"It doesn't mean much to me," Collins said. "If we would have won the game it would have been different. All I can say about that is I'm glad I had the opportunity to play with these guys and break a record."

Collins, who was named to his first career Pro Bowl last Tuesday, leads the league with the 258 return yards and remains the only players in the league to return three interceptions for touchdowns. Baltimore safety Ed Reed (220) is the only other player in the league to have 200-plus yards on interception returns.

Collins leads the NFC with his career-high six interceptions. Cornerback Charles Woodson, who also picked off Orton on Monday night, is tied with Collins for the conference lead. Woodson's six-interception season is the second-best of his 11-year career, trailing only his eight in 2006 in his first season in Green Bay.

Stack of sacks

Green Bay's defense sacked Orton three times on Monday night, which was the most in a game by the Packers since they recorded three of quarterback Charlie Frye in their Week 6 win at Seattle.

Defensive end Michael Montgomery, starting his sixth straight game at right defensive end, posted a career-high 1.5 sacks, bringing Orton down for a 2-yard loss in the second quarter and sharing another sack with defensive tackle Ryan Pickett in the third quarter.

Defensive Jason Hunter registered the other sack, the first of his career, when he brought Orton down for no gain in the second quarter.

The Packers now have four games on the season with three-or-more sacks, with the other two coming early this season in Week 2 at Detroit (5) and Week 3 vs. Dallas (3).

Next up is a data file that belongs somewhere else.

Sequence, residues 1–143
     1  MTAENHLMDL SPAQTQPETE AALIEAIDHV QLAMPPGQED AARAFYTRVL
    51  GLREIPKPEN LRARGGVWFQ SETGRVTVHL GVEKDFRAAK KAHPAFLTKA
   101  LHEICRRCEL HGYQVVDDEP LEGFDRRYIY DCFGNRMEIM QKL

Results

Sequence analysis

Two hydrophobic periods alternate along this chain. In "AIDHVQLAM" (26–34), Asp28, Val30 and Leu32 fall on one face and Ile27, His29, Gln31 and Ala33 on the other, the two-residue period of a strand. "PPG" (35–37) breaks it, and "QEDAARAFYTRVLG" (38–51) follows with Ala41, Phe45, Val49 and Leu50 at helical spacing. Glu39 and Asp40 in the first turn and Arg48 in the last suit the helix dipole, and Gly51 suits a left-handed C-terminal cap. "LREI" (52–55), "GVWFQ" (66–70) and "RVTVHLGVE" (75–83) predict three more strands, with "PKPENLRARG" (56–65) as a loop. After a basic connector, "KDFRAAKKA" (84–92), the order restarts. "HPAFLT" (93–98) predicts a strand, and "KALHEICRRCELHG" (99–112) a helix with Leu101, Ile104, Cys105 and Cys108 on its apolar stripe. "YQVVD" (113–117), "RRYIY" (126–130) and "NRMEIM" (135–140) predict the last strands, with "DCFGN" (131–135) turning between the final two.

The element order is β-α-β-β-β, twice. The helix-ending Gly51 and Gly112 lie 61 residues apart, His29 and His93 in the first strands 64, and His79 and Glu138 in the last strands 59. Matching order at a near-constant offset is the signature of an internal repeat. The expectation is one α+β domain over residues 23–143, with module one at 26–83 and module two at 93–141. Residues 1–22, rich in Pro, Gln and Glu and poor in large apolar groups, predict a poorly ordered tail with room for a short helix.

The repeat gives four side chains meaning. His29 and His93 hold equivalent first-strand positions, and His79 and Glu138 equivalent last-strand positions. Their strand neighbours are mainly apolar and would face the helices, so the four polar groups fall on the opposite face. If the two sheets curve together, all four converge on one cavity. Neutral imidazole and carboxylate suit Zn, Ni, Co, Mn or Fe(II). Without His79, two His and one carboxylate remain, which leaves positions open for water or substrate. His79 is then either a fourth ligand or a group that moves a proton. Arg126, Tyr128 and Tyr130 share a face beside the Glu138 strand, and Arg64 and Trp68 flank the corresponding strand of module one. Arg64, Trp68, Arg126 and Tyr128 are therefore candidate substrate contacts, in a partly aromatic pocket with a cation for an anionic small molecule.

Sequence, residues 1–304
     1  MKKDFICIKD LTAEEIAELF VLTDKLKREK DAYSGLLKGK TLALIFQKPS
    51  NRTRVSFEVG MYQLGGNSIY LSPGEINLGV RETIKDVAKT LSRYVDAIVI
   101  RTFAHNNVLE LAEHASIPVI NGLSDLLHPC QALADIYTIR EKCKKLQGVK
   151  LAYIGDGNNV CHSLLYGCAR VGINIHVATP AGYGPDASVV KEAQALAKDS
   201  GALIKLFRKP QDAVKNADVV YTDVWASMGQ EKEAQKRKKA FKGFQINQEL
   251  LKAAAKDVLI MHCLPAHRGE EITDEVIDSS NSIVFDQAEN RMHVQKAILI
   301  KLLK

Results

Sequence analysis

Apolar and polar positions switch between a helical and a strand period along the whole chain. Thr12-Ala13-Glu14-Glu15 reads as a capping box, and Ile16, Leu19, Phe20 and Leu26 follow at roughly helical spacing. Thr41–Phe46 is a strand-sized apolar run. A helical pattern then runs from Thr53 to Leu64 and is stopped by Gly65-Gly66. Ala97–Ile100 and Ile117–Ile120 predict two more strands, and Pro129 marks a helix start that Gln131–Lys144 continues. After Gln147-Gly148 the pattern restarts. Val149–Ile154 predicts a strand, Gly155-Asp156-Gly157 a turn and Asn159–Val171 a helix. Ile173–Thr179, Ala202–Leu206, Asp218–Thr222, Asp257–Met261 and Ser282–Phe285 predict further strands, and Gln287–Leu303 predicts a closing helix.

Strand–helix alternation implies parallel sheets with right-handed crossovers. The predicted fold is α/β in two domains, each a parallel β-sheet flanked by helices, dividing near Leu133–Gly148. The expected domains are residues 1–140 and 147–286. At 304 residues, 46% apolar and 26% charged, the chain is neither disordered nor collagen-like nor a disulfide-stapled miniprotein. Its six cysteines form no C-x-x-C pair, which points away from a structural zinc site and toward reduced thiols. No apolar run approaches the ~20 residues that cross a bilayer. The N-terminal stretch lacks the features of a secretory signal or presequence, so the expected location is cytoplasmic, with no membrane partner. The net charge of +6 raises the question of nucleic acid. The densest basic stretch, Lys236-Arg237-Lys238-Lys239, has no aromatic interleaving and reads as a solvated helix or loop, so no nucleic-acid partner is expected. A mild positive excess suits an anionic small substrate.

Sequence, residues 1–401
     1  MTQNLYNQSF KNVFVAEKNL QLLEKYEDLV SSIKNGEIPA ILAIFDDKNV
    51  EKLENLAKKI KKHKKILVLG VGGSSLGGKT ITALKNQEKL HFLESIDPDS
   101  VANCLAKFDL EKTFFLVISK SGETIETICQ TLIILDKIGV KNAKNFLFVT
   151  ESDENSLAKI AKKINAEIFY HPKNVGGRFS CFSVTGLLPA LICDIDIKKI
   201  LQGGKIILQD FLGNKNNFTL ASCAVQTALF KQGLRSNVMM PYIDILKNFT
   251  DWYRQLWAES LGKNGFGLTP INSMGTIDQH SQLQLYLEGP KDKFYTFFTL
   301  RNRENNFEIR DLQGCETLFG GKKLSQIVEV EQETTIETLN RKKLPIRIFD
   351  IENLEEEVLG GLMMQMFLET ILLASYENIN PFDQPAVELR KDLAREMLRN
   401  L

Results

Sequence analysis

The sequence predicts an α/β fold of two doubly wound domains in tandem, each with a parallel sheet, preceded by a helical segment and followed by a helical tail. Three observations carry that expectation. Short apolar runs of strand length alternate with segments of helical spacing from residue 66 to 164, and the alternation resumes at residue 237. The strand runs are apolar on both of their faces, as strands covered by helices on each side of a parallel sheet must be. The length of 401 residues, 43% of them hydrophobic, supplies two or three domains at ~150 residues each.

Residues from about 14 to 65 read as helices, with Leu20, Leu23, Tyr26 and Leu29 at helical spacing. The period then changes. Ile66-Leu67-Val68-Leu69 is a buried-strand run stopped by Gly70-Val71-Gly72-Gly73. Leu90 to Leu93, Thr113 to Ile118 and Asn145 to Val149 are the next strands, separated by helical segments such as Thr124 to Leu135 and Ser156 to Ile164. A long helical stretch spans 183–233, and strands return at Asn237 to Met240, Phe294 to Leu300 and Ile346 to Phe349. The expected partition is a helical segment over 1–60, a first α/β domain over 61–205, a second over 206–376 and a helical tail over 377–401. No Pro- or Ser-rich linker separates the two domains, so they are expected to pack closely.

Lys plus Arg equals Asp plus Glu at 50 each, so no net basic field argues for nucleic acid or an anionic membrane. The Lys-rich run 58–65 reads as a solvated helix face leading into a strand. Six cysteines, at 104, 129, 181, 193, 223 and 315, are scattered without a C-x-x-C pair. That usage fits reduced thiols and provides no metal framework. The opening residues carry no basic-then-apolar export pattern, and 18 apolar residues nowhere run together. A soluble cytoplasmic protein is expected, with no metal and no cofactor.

Green Bay's offensive line did not allow a sack of Rodgers, the fourth time this season they have accomplished that feat, and the first since the Week 11 win vs. Chicago.

Spreading the wealth

Rodgers completed passes to 10 different players on Monday night, a season and career-high for the first-year starting quarterback.

Rodgers' previous high came vs. both Chicago and Houston this season when he connected with nine different players.

Part of history

Monday night's game-time temperature was 2 degrees, making it the coldest Bears home game since the team began recording temperatures in 1963. It was also the second-coldest wind chill (minus-13) in Bears history since '63.

The last time the Packers played in a game in temperatures that low came in the NFC Championship game vs. New York last season when it was minus-1 at kickoff.

{sportsad300}Injury/participation update

Wide receiver Donald Driver banged his knee attempting to make a diving grab on a long pass from Rodgers in the second quarter but did return.

Safety Aaron Rouse sustained an ankle injury on fourth-quarter kickoff return but returned to the field after missing just one play. Charlie Peprah filled in for Rouse at strong safety on the one snap.

Defensive tackle Johnny Jolly suffered an ankle injury on Matt Forte's game-tying touchdown run late in the fourth quarter and did not return.

Wide receiver James Jones banged his knee on a 9-yard grab late in the fourth quarter and did not return. Cornerback Joe Porter, making his NFL debut, sustained a concussion late in the game and also did not return.

Green Bay's inactives on Sunday were Brian Brohm (third quarterback), running back Brandon Jackson, fullback Korey Hall, linebacker Danny Lansanah, guard Nevin McCaskill, tackle Breno Giacomini, defensive tackle Anthony Toribio and defensive tackle Justin Harrell.